Here are the writing resources that have helped me the most. These are not only “how to write” books and expert recommendations on storytelling technique, but some detail the process of writing and storytelling, which is another thing altogether.
Beyond the obvious “write more” recommendation that everyone uses, I’m not worthy of injecting my own technique or recommendations here. All of the authors below are masters and they know what they’re talking about. All of them have, I believe, improved my own skill, so I wanted to share what’s worked for me. Use what you see below to improve your fiction writing technique and become a better writer.
“On Writing” is part autobiography, part writer’s how-to manual. However you want to define it, it’s a fascinating story as well as great instruction. A clear and very helpful introduction to the basics of good writing. If you want to write, but don’t know anything about the passive voice, or why being concise is a good thing, or why characterization is critical, then get this book.
It’s dry and boring. It’s over fifty years old. It’s still invaluable. There’s an expression: “You must know the rules before trying to break them.” Read The Elements of Style to learn the accepted rules of writing. From commas and quotes to sentence structure, Elements teaches what’s right and wrong. Use this book so that if you write something incoherent, it’s at least intentional.
Now that you’ve read King’s “On Writing” and know the basics, it’s time to apply those lessons with more advanced technique. In these two books, Orson Scott Card deals with the more complex tools in the writer’s toolbox, including how to world-build and how to write proper perspective and characterization.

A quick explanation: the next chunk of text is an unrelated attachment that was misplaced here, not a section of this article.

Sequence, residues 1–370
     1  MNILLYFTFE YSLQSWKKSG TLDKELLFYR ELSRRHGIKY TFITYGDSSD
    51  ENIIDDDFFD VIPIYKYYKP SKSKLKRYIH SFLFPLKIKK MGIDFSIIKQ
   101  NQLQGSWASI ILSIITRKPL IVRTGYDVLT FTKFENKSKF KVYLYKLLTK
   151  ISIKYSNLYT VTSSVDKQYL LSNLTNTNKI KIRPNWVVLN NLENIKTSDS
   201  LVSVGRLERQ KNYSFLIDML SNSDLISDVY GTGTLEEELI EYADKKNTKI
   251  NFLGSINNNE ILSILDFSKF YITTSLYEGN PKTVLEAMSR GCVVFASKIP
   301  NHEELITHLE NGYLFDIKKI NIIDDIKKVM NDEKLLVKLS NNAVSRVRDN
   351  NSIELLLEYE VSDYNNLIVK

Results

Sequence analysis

So you’ve read from King and Card, and have a perfect grasp on how to write and tell a good story. You’re far from getting anywhere good, because in order to know what to do, you also have to know what not to do. That’s where Roger Ebert comes in. Yes, he’s primarily a movie reviewer and here’s why it counts: There are many cliches and tropes and storytelling pitfalls, important not just in movies but in storytelling. Ebert knows them all, and you get to read about them in his collection of embarrassing examples.
Ebert has seen close to ten trillion movies, so if he doesn’t like something (and all movies in this book fall into that category), he can tell you why. More importantly, he can demonstrate why, how, where and when a movie failed. The book is extremely funny, but is (perhaps accidentally?) very educational.
William Goldman’s screenwriting credits include Butch Cassidy and the Sundance Kid, The Stepford Wives, All the President’s Men, The Princess Bride, Misery, A Few Good Men (as a consultant), Good Will Hunting (as a consultant) and Zombieland. As for novels, he wrote many, including the classic The Princess Bride.
This is just a sampling. If you’re familiar with even one of the works named above, you know how skilled he is. William Goldman is a very, very good storyteller.
The two Goldman books linked above are a decades-spanning expose of the film industry. He’s worked with seemingly everyone, and he’s not shy about embarrassing some powerful people to make his point. When he’s not giving his thoughts on Hollywood and the movies, he talks about writing. Storytelling. Characterization. How to keep the audience involved. What mistakes he’s made, and what he’s learned over the years. These are great books for screenwriters, but there’s plenty of information to share: Authors can learn from these, too.
Now, the above are “how to write” recommendations. They are all great, but there’s more to it than having the right tools for the job. There are far more excellent authors who haven’t written any “how to” manual for aspiring writers. Find their works, read them, process them and learn.
Good luck with your own reading and writing.